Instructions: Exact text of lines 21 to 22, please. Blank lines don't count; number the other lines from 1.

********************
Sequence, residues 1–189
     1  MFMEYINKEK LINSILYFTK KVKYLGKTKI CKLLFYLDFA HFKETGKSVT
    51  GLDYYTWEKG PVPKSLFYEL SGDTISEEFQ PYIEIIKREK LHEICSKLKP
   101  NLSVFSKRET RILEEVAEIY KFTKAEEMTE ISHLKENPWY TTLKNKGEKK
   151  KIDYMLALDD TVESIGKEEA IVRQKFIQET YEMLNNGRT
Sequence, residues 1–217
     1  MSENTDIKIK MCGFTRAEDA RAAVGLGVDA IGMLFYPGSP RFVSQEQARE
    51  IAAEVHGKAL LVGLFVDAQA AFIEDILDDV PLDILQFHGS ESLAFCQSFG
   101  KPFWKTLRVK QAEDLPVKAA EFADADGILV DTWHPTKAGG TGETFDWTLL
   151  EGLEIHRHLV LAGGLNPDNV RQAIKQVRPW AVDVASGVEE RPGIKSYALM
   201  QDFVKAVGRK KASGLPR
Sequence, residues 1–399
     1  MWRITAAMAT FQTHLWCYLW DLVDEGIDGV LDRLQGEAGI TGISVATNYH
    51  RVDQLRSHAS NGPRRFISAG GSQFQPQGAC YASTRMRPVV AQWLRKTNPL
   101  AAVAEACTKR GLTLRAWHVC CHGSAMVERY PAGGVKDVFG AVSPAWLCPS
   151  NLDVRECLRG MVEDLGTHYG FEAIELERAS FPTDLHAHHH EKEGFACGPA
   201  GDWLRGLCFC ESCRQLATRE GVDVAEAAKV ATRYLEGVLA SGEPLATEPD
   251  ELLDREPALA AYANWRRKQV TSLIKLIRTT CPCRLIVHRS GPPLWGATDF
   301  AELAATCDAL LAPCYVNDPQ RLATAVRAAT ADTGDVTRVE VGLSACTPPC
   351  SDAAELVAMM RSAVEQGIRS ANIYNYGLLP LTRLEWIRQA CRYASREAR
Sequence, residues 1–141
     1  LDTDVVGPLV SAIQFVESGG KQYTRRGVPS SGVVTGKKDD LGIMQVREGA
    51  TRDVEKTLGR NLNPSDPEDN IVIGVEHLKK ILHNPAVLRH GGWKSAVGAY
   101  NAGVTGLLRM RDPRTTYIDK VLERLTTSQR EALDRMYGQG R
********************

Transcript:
Sequence, residues 1–141
     1  LDTDVVGPLV SAIQFVESGG KQYTRRGVPS SGVVTGKKDD LGIMQVREGA